5. Small Great Things by Jodi Piccoult
  6. Dear Martin by Nic Stone
  7. Ghost Boys by Jewell Parker Rhodes
  8. Brown Girl Dreaming by Jacqueline Woodson

Almost immediately after I posted, I was inundated with requests and quickly filled my online shopping cart. I also quickly ran into my $200 limit (the amount I initially donated to the project). Then something wonderful happened. People from the community quietly private messaged me and offered to donate money for more books. Within 24 hours, I had doubled the funds!

More Books

In addition to the requests for books and monetary donations, I fielded a lot of questions about good books to share with children on antiracism.

Here is the post I shared on Facebook:

There are many wonderful books written by #IBPOC (Indigenous, Black, and People of Color) authors. But, for this project I wanted books that were boldly, honestly, and directly focused on helping children learn about White privilege and anti-racism. I found a few and ordered them quickly, which was good, because they are now sold out almost everywhere! Below are the titles I chose.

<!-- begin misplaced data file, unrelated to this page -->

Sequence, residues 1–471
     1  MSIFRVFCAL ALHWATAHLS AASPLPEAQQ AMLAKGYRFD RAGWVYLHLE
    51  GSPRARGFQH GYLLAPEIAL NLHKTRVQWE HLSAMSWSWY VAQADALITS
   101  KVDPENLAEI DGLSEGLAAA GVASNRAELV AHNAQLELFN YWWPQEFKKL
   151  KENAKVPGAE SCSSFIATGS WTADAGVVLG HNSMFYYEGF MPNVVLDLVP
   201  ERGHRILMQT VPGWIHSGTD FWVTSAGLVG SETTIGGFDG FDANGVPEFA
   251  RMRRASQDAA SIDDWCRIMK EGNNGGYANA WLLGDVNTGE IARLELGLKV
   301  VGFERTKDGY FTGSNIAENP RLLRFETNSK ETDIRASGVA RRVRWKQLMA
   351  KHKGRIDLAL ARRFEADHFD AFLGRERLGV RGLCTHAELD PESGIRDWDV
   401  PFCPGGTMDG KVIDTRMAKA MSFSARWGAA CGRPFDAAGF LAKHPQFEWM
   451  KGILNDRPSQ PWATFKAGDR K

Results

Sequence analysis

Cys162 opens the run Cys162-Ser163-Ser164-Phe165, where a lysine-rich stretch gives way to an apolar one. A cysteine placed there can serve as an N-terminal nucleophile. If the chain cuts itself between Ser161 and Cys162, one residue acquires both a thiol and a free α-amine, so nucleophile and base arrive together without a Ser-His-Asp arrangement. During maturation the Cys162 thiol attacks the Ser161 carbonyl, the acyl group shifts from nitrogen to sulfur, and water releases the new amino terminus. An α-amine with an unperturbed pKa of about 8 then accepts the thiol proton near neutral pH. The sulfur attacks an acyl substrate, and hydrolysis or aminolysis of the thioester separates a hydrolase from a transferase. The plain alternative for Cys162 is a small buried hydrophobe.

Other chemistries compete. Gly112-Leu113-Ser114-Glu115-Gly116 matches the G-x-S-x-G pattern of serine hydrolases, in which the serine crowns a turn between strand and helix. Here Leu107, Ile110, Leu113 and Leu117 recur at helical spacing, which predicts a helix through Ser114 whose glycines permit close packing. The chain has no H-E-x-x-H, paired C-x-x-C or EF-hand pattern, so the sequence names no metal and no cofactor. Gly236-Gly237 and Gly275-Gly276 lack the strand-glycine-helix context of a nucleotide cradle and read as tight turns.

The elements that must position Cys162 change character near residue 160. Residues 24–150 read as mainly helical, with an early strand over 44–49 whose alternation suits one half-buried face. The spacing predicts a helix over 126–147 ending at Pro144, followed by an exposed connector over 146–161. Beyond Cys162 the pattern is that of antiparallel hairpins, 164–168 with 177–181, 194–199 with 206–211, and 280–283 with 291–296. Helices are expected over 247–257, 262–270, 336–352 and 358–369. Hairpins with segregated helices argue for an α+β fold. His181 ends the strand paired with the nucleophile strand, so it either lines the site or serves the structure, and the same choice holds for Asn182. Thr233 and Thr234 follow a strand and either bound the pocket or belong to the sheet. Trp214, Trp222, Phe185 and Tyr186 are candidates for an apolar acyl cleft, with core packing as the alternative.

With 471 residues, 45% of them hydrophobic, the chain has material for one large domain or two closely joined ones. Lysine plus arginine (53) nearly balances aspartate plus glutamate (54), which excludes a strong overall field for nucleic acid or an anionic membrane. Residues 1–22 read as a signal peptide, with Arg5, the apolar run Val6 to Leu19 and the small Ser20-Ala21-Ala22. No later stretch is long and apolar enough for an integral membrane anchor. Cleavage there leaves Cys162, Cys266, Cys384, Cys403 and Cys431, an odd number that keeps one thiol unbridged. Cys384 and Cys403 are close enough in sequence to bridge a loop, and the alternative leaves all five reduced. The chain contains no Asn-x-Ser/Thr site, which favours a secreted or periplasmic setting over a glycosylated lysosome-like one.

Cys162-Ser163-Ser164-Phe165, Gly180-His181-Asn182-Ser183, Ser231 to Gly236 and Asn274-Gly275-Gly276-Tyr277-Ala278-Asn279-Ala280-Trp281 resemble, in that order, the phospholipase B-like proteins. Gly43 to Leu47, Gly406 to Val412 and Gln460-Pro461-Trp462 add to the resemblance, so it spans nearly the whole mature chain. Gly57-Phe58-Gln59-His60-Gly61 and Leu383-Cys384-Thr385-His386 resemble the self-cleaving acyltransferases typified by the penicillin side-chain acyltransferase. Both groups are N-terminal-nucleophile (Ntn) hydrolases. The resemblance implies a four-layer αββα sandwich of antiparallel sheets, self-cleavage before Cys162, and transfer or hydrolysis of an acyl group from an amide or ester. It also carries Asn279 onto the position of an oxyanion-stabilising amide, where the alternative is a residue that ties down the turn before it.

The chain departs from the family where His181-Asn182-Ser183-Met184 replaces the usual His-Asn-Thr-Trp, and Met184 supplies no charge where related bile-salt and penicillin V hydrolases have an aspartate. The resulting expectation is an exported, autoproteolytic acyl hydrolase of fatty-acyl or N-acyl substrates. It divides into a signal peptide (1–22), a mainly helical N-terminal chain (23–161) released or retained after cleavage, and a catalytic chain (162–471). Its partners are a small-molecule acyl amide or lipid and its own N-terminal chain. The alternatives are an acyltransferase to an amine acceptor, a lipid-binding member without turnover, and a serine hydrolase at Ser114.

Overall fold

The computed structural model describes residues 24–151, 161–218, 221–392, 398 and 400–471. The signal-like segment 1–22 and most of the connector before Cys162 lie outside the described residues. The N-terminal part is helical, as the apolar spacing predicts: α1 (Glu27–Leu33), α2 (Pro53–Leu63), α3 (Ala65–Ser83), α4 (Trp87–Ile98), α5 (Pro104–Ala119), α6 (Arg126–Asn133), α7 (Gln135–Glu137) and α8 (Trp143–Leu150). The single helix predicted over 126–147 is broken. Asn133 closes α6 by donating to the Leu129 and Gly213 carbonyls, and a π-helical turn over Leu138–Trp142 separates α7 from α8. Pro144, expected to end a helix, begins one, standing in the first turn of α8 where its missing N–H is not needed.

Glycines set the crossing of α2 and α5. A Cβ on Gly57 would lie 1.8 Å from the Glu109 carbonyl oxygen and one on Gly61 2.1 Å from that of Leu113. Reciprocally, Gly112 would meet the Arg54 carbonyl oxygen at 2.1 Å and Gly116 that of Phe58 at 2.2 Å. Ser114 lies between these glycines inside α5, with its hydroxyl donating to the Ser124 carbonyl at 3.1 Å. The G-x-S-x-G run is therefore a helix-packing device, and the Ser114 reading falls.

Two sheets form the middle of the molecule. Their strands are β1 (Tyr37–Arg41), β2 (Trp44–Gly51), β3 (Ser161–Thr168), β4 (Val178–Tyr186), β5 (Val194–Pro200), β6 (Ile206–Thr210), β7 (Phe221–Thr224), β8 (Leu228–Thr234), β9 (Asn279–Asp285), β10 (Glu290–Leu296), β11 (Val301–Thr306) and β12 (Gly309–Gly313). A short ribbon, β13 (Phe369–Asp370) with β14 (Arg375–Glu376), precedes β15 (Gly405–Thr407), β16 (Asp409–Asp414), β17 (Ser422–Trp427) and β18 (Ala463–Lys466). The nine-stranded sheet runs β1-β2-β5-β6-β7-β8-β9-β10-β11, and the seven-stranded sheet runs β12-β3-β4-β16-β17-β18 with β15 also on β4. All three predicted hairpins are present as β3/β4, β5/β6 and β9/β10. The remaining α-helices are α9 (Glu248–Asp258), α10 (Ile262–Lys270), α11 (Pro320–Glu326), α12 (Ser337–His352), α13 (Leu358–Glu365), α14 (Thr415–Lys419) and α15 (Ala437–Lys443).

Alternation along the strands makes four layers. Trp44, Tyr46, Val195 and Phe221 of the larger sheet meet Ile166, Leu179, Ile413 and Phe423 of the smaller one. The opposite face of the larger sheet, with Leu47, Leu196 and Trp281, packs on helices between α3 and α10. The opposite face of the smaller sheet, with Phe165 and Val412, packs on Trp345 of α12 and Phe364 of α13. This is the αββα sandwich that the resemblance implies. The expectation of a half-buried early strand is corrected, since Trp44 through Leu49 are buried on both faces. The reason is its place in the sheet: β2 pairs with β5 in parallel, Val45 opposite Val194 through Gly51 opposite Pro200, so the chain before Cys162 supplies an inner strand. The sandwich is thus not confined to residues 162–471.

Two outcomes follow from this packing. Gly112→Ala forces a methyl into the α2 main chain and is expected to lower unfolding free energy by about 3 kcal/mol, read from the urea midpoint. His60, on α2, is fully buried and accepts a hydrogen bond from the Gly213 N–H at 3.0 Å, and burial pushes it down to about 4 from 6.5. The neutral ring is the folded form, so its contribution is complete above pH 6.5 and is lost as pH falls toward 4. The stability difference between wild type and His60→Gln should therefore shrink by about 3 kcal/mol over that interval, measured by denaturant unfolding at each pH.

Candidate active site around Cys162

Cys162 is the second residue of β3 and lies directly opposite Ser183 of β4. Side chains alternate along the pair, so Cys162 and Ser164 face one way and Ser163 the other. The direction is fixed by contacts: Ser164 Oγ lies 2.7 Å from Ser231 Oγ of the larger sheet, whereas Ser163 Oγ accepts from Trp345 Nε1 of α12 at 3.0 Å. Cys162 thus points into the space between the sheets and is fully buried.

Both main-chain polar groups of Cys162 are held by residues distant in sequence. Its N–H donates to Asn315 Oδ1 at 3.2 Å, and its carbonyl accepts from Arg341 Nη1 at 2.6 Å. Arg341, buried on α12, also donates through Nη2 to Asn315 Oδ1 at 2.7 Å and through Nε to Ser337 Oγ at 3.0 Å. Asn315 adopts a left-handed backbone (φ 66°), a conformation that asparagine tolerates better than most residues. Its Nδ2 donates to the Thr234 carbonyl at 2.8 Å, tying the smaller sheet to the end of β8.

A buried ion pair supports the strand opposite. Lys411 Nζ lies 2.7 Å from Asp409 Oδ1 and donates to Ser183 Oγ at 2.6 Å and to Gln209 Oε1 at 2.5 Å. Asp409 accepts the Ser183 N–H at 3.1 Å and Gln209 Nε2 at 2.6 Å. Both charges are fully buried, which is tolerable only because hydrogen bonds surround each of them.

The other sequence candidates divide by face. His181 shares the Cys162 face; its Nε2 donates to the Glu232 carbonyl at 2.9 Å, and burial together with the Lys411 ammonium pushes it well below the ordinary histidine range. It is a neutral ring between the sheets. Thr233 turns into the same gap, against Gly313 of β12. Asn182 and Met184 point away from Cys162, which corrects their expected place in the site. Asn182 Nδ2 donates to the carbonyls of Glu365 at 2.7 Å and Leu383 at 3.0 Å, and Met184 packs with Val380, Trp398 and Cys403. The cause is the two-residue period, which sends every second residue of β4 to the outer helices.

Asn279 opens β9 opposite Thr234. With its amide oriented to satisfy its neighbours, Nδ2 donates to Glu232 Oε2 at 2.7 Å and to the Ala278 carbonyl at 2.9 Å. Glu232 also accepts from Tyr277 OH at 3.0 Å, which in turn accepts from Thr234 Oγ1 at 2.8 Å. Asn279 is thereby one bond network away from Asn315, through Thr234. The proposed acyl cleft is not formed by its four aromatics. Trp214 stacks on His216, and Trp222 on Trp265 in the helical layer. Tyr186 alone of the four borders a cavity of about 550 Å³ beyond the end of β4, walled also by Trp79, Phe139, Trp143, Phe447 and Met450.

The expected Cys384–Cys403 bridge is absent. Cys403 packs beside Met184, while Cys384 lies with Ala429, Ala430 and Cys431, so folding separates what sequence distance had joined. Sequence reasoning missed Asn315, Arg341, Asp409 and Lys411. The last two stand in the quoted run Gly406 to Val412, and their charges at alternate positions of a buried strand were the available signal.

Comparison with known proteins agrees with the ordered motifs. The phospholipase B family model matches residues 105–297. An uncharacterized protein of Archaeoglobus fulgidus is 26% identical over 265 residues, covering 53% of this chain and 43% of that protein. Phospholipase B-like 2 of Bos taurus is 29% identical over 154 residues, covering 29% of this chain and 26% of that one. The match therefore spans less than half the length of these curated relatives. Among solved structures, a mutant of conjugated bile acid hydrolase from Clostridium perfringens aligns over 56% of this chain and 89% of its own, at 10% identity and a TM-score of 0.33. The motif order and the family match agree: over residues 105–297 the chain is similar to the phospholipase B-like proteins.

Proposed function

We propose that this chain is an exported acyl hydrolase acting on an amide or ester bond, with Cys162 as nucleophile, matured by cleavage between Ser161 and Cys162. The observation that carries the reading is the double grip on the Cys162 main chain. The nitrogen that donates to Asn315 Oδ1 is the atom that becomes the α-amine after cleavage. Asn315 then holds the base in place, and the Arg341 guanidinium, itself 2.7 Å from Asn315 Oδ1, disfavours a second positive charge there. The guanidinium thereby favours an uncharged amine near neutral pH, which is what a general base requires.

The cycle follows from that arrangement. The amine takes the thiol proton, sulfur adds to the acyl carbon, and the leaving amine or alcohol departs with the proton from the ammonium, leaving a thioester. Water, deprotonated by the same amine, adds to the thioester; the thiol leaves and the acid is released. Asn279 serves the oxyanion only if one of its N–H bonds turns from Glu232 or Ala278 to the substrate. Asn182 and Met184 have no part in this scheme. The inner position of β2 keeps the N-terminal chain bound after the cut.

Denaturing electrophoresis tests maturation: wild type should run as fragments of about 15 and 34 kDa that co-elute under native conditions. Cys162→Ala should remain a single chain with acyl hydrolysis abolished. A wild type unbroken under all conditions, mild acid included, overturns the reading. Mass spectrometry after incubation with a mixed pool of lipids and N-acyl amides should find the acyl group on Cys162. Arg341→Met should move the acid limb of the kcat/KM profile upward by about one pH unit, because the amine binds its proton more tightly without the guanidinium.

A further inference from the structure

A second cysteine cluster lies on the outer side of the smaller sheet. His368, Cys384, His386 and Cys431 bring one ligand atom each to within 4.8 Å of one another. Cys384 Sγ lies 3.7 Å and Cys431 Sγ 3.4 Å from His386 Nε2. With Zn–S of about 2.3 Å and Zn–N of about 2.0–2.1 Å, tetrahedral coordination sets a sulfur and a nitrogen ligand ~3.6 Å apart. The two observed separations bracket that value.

1. Race Cars: A Children’s Book About White Privilege by Jenny Devenny
  2. Let’s Talk About Race by Julius Lester

I really wanted to read and share Something Happened in Our Town: A Child’s Story About Racial Injustice by Ann Hazzard and A Kid’s Book About Racism by Jelani Memory, but both were listed as “unavailable” or “out of stock” from my first click. I was just recently able to order the first, and the second won’t be available for shipping until July. But, the minute I get them, I’ll get them into the hands of my community.

These Books and Beyond

As the books I ordered started filling my mailbox, I tagged folks in Facebook posts and left them to be picked up in a basket near my front door (I live in a small town, everyone knows where the principal lives).